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Lethbridge Herald Newspaper Archives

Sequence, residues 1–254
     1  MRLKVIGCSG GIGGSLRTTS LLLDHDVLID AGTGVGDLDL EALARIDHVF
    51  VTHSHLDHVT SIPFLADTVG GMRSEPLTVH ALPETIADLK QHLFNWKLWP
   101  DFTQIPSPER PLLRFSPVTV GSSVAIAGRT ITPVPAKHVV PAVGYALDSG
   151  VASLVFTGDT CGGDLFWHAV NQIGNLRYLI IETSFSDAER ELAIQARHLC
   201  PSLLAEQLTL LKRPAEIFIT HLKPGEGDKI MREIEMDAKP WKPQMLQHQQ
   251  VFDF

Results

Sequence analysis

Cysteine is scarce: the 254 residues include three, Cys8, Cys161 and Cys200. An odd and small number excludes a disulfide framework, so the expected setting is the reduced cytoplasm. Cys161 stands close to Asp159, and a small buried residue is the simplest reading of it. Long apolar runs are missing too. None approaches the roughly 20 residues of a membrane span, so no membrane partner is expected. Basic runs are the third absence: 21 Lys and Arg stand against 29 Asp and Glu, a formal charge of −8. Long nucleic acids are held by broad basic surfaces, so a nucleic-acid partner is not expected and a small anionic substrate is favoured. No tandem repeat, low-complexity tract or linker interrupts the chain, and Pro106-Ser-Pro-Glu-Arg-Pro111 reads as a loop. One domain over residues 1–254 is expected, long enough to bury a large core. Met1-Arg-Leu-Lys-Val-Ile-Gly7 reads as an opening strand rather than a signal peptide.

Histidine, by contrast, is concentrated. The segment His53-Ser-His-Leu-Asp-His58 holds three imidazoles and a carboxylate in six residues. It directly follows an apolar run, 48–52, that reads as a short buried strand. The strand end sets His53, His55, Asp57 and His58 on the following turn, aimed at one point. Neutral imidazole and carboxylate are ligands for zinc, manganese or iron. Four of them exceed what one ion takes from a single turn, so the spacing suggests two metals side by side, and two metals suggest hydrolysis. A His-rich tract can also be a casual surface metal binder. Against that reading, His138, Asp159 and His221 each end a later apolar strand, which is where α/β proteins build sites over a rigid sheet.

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Lethbridge Herald, The (Newspaper) - November 18, 1970, Lethbridge, Alberta 20 WS UTMBR1DGE KERAID Weiinnsdciy, November 13, 1970 Animal life threatened in Montana areas PHONES IN CAR Back-seat talkers have their own extension when they ride with Wayne Barren in his 1922 Dodge touring car. The Somerset, man restored the an- tique auto with several hundred parts gleaned from 32 states and three years' loving iabor. The mobile telephones are a modern touch. Mayoralty contests assured By THE CANADIAN PRESS Mayoralty contests were as- sured in eight of Saskatchew- an's 11 cities when nominations closed for civic elections sched- uled Dec. 2. In Eegina, incumbent mayor Henry Baker, 58, who has held office for the last 12 years, is seeking re-election. He will be opposed by Harry Walker, also 58. a school principal and form- er Saskatchewan Teachers' Federation president. Reading program Home and School meeting was held in the Alex MacGregor Elementary School with an at- tendance of 25. Grade 1 to 3 teachers explain- ed the new reading program. Ivlaas Brombeis was present- ed with the Grade 9 award of In Moose Jaw, Mayor L. H. (Scoop) Lewry will be opposed by Ernie Pascoe, afarmer who was a Progressive Conservative MP for more than 10 years. FOUR-WAY RACE A four-way race developed in Prince Albert with Jack Byars and Frank Chester, both former aldermen, and Lloyd O'Brado- vich, a Newstai i; employee, con- testing the maj'oralty. Mayor Val Longworth, in the position two years, is seeking re-elec- tion. Mayor Sid Buckwold of Sas- katoon, with 10 years experi- ence behind him, will be op- posed by three candidates. They are Jim Patrick, a city businessman, Maria Fischer, a welfare worker, and Kerry Westcott, a student. In Estevau, incumbent mayor Greg Trout is being challenged by Ida Petta-son while We: bum mayor Tom Hart will seek re-election in a contest with J. Charles Porter, a form- er alderman. George Artemonko, art alder- man, is opposing incumbent mayor Peter Dielschneider in Melville. The mayor's seats in North Battleford, Swift Current and Yorkton were filled by acclama- tion. PLANE TESTED MOSCOW (AP) The TU- 144, the Soviet entry in the race to develop a supersonic trans- port for commercial use, hit a speed ol miles an hour in a recent test flight, Tass re- ported Monday. That is well over twice the speed of sound. The official Soviet news agency said the plane reached an alti- tude of feet MISSOULA, Monl. (AP) Civilization is closing in, even in the high mountain mead- ows and rushing streams, and the animals are fading away. The grizzly bear and timber wolf are among the ened species in the lofty Rocky Mountain ranges of western Montana and in sur- rounding states of the northern region of the U.S. Forest Service. The Forest Service has made public a list of endan- gered and rare species, say- ing it is lime to begin saving thcss animals, for there is not much time left. Included MI the list of en- dangered those which face immediate danger ol ex- tinction, arc the timber wolf, the whooping crane and the Montana west-lope cutthroat trout. Listed as rare are the grizzly hear, Arctic grcyling, spotted bat and prairie falcon, INCREASE IS UP Howard Foulger is chief of the division of range and wild- life for the northern region, which includes Montana, North Dakota, western South Dakota, northern Idaho and eastern Washington, He says: "Merest in the preserva- tion of wildlife has increased remarkably in the past few years, but people keep crowd- ing in. The animals may soon have no place to ga." The northern region is lightly populated. Montana, the country's fourth largest state in land area, has a popu- lation of only 694.000, oi- about four persons per square mile. The state was long rich in wildlife, and monuments mark spots where Indian tribes once herded buffalo to the edge of high cliffs, then stampeded them to then- deaths. Now the reminders of the Wild West, the "buffalo have been replaced by modern-day killers such as guns and chemicals. "Take the timber wolf, for says Foulger. "Chemical agents used by cattlemen to ward off preda- tors have thinned the species, and we need protection to avoid tlicir extinction." Foulger said the region is too big for maintaining exact counts of species. He said a species is determined to be in danger when sightings arc in- frequent or few are felled by hunk-, c. Finding a proper balance between the needs of man and those of wildlife is a perplex- ing one. Cattlemen regard the tim- ber wolf as the No. 1 threat, to livestock in some northern re- gion areas, and fight him with poison. Conservationists, oh the other hand, see the wolf as a valuable species, a mid. nig- ged animal, an important part set OTTAWA (CP) The Cana- transport commission i Tuesday set guidelines for a broad inquiry to examine causes of railway accidents. The inquiry, to begin Jan. 18, Russian union gift, offer rejected DETROIT (AP) A gilt offer from a Russian workers union has been "courteously rejected" by the United Auto Workers, a UAW spokesman has con- firmed. Jt was learned that UAW President Wood- cock mentioned the offer last week when the union's national General Motors Council met behind closed doors to recommend ratifi- cation of a new contract with the auto-maker. "We had enough trouble in connection with the strike without getting Moscow gold Woodcock told delegates. 1971. will bo a follow-up lo a hearing which Tuesday looked into three rail accidents in Ontario thai killed two men last summer. Those accidents, and a rising incidence of other railway acci- dents, prompted the decision to hold the January inquiry. D. H. Jones, chairman of the CTC tribunal conducting the hearing, said the inquiry is to cover 14 subject areas. They include maintenance and inspection of railway cars, signals and radios; inspection of track, structures and signals; operation of railroad signals, track motor cars and radios; handling of dangerous cargoes; accident procedures; rule in- struction; research and develop- ment by railway companies re- specting safety; supervision of train operation; and railway company rules and employee in- struction. Some of these topics obviously arise from evidence gathered in the hearing on the three acci- dents. A conference is planned for Dec. 14 in order to facilitate exchange of information among 'participants of the January in- quiry, and to bring to light problem areas not listed by the CTC. of the natural environment which deserve; preservation. The grizzly bear, huge, amazingly swift and some- times vicious, is a fabled sym- bol of the rugged mountainous country of the West, but m a n 's intrusions into the griraly's domain have brought tragedy and outcries against the animal. Maulings by angry hears are becoming common in Wy- omitigs Yellowstone National Park during summer months, when millions of tourists pour in. National attention was fo- cused on Montana's Glacier National Park in 1907 when an enraged grizzly killed two young co-ert? in a savage at- tack. Park officials have found a partial solution by flying the grizzlies to remote areas where meetings with humans are unlikely. Cutthroat trout are plagued by their popularity. One of the liveliest Western game fish, the trout are hounded by tour- ists and native fishermen xvho invade remote streams in search of the species. The Forest Service has ti a number of steps to alle'iste extinction of certain game. These include monitoring of streams to assure healthy water for fish, curbing poach- Prepare slate C RAN BROOK (Special) Cranbrook Chamber of Com- merce nominating committee [expects to complete its list of I consenting directors for 1971 I Gee. 2, for presentation at a membership meeting Dec. 9 when nominations from the I floor will also bo accepted. I Current president James Dal- iton reports a highly successful I year for Cranbrook Chamber I participation in East Kootenay i Chambers tourist committee work, which effectively spent during the year on dis trict promotion. ing, including that of the en- dangered peregrine falcon; and operation with the Au- dutej! Society in counting and protecting such endangered species as the whooping c r a n c, Tule white-fronted goose and Eskimo curlew. The forest Service is con- trolling poisoned bait pro- grams for predators in some parts of the northern region, avoiding chemical use in areas where timber wolves and other endangered species might room. Controversial scout may still top vard FOSTER, R.I. CAP) A scout official ruled Tuesday night that James Clark, 16, de- nied Eagle Scout, rank because he said he is an atheist, may ;et the award after all. Robert F, Parkinson, scout executive of the Narrangansett Council, met with the scout at his home and later issued a statement saying the issue was the result of "a grave misun- Young Clark read a statement to assembled reporters. "f have confirmed that my ideals are consistent with the Boy Scout oath and he said. "I wish to remain active in the Boy Scout program be- cause 1 believe in its aims and purposes of helping boys to be- come better men." Parkinson said he was satis- fied Clark's beliefs were con- jsistent with the Scout law. Clark still must appear be- fore a regional board of review which makes the final decision on all Eagle Scout awards. Parkinson announced last week the Eagle Scout award was being denied the youth be- cause his applicalion contained "no confirmation of duty to I God." NOW IN FULL SWING OUR FIRST BIG Shop Where the Convenience Is! Centre Village Mall offers a whole new experience m Christmas shopping convenience and comfort these 6 wayst ONE-STOP SHOPPING 4Vi etcres of fine stores under one roof, right in centre ol Uthbrldge. HO TRAFFIC PROBLEMS Why fight traffic when you can drive strnight fo Centre Village from anywhere in lethbridgy. FREE PARKING Anyday and everyday! No to, watch, no parking tickets to pay when you thop at Centra Village. CMMAT5-CONTROUED COMFORT forget the weather while you shop in 72 degres sornfort in Csnfrn Village closed moil. Never a wealhor worry here. SELECTION AND SERVICE Centre Village merchants offer quality merchandise, tremendous selection, excellent values, dependable service. FRIENDLIEST PLACE TO SHOP Centre Villcge want your business try harder to serve you faeHeri YOim ENJOY SHOPPING AT CENTRE VILLAGE MAIL Don't wait Start Christmas shopping now at Centre Village Mall! Every store is filled with Christmas gift ideas. Read the special advertisements on the following pages. Then shop early for best selections. Outre Village has everything for Christmas! Over 4Vi acres of exciting new stores. Tremendous Shop (he two grant department stores the mony selections values. Everything for fine independent merchants. Fabulous Christmas fa- shions family clothing jewstlery gifts cosmetics furniture horns fur- Christmas from Curling Setf to Can Openers Hostess Gowns to Hot Wheels! You'll find something for everyone on your Christmas list ol Canlra Village. SHOP 'TIL 9 O'CLOCK Thursdays and Fridays nishings TV and stereos gourmet foods beauty salon auto service banking Centre Village hns everything for Christmas! FREE PARKING JB -nAf i, V1L h N. In the Centre of Lethbridge ;